Russia trolls 'spreading vaccination misinformation' to create discord
Social media bots and Russian trolls have been spreading disinformation about vaccines on Twitter to create social discord and distribute malware, US researchers say.
Troll accounts that had attempted to influence the US election had also been tweeting about vaccines, a study says.
Many posted both pro- and anti-vaccination messages to create "false equivalency", the study found.
It examined thousands of tweets sent between 2014 and 2017.
Vaccination was being used by trolls and sophisticated bots as a "wedge issue", said Mark Dredze from Johns Hopkins University.
"By playing both sides, they erode public trust in vaccination, exposing us all to the risk of infectious diseases," he said.
Earlier this month, the World Health Organization (WHO) said cases of measles in Europe had hit a record high, with experts blaming this surge in infections on a drop in the number of people being vaccinated.
In the US, the number of children being exempted from immunisation for religious or philosophical reasons is also rising, research published in June found.
- The tactics of a Russian troll farm
- The make-up mogul who has reignited 'anti-vax' row
- What's behind the 'anti-vax' movement?
While a majority of Americans believed vaccines were safe and effective, looking at Twitter gave a different impression and suggested that there was a lot of debate about the issue, the disinformation study, which was published in the American Journal of Public Health, said.
"A significant portion of the online discourse about vaccines may be generated by malicious actors with a range of hidden agendas," said David Broniatowski from George Washington University.
The researchers reviewed more than 250 tweets about vaccination from accounts linked to the St Petersburg-based Internet Research Agency (IRA). In February the agency was named in a US indictment over alleged election meddling.
The IRA tweets used polarising language and linked vaccination to controversial statements about race, class and government legitimacy, the researchers said.
One tweet casting doubt on vaccines that was cited in the study read: "Did you know there was secret government database of #Vaccine-damaged child? #VaccinateUS".
Another that argued for vaccinations said: "#VaccinateUS You can't fix stupidity. Let them die from measles, and I'm for #vaccination!"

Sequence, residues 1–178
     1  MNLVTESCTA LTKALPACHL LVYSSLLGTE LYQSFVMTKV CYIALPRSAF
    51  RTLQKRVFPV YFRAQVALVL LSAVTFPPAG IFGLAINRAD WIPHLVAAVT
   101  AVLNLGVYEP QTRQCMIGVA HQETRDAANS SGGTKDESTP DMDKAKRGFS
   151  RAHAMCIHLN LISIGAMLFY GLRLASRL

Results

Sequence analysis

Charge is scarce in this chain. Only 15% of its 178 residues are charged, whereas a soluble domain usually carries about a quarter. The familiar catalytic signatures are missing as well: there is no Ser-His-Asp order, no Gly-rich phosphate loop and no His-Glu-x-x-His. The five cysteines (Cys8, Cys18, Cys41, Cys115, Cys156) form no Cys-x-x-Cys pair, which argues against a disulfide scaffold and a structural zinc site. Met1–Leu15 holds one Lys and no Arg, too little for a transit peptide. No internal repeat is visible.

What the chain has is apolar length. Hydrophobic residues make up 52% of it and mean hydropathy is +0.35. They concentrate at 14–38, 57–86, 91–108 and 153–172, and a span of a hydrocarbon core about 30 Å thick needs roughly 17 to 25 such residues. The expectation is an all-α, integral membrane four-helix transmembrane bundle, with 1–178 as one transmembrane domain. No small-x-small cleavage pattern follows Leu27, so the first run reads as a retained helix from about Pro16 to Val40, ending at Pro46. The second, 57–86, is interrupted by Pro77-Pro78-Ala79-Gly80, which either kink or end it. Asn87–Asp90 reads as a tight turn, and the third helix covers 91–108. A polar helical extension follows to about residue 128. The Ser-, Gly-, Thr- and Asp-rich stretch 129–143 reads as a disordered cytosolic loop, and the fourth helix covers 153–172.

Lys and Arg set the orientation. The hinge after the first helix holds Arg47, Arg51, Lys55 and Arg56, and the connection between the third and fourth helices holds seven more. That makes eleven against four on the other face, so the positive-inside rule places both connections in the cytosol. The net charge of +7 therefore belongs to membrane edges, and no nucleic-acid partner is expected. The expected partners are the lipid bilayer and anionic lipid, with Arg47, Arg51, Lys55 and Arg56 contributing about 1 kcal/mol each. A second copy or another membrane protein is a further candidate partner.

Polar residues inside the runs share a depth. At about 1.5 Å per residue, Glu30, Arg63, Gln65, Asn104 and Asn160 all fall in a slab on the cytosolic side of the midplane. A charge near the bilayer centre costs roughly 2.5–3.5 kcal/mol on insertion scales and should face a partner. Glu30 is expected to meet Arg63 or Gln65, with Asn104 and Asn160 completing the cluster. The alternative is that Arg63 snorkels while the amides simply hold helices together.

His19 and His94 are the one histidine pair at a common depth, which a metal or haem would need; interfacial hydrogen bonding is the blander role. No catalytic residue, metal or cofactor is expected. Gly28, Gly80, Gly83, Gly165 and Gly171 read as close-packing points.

Meanwhile less sophisticated "content polluters" - bot accounts that distribute malware, unsolicited commercial content and disruptive materials - shared anti-vaccination messages much more frequently than average Twitter users, using them as "bait" to get people to click on links to malicious websites.
Social media companies are struggling to find ways to combat disinformation on their platforms.
Earlier this week Facebook and Twitter said they had suspended or removed accounts linked to Iran and Russia over "inauthentic" or "manipulating" behaviour.
Health cost of vaccination 'debate'
Despite science overwhelmingly and indisputably advocating in favour of immunisation, a growing number of parents around the world are resisting medical advice by going their own way.
Some base their decision on discredited research 20 years ago that erroneously linked the measles, mumps and rubella vaccine (MMR) to autism.
But health officials say the number of people getting the disease measles is rising because of a fall in vaccinations.
In Europe more than 41,000 people were infected with measles in the first six months of 2018 - nearly double the number of cases for the whole of last year - leading to 37 deaths.
High rates of measles were seen in Serbia, Ukraine, Georgia and Greece.
In the US the number of children being exempted from vaccines is also rising.
In Italy, the upper house of parliament has voted through legislation to abolish the law that makes vaccination mandatory for children before they start school. The amendment will mean parents of unvaccinated children will no longer face fines.